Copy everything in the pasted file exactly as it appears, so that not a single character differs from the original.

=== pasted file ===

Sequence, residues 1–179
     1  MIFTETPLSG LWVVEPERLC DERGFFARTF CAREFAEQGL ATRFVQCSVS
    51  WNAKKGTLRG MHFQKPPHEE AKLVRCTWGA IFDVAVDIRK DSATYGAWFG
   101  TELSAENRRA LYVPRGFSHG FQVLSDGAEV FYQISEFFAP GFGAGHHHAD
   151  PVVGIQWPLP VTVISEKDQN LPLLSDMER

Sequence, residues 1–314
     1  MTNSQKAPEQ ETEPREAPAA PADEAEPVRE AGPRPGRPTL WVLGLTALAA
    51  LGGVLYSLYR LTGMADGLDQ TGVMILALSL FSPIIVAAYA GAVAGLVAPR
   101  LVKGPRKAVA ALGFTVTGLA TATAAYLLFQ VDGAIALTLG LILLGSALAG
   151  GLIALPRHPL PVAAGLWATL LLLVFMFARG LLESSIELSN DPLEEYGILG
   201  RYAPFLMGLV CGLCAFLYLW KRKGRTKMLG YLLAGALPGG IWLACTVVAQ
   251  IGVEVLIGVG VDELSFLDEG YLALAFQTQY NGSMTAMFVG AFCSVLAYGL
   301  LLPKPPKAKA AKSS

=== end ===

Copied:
Sequence, residues 1–179
     1  MIFTETPLSG LWVVEPERLC DERGFFARTF CAREFAEQGL ATRFVQCSVS
    51  WNAKKGTLRG MHFQKPPHEE AKLVRCTWGA IFDVAVDIRK DSATYGAWFG
   101  TELSAENRRA LYVPRGFSHG FQVLSDGAEV FYQISEFFAP GFGAGHHHAD
   151  PVVGIQWPLP VTVISEKDQN LPLLSDMER

Sequence, residues 1–314
     1  MTNSQKAPEQ ETEPREAPAA PADEAEPVRE AGPRPGRPTL WVLGLTALAA
    51  LGGVLYSLYR LTGMADGLDQ TGVMILALSL FSPIIVAAYA GAVAGLVAPR
   101  LVKGPRKAVA ALGFTVTGLA TATAAYLLFQ VDGAIALTLG LILLGSALAG
   151  GLIALPRHPL PVAAGLWATL LLLVFMFARG LLESSIELSN DPLEEYGILG
   201  RYAPFLMGLV CGLCAFLYLW KRKGRTKMLG YLLAGALPGG IWLACTVVAQ
   251  IGVEVLIGVG VDELSFLDEG YLALAFQTQY NGSMTAMFVG AFCSVLAYGL
   301  LLPKPPKAKA AKSS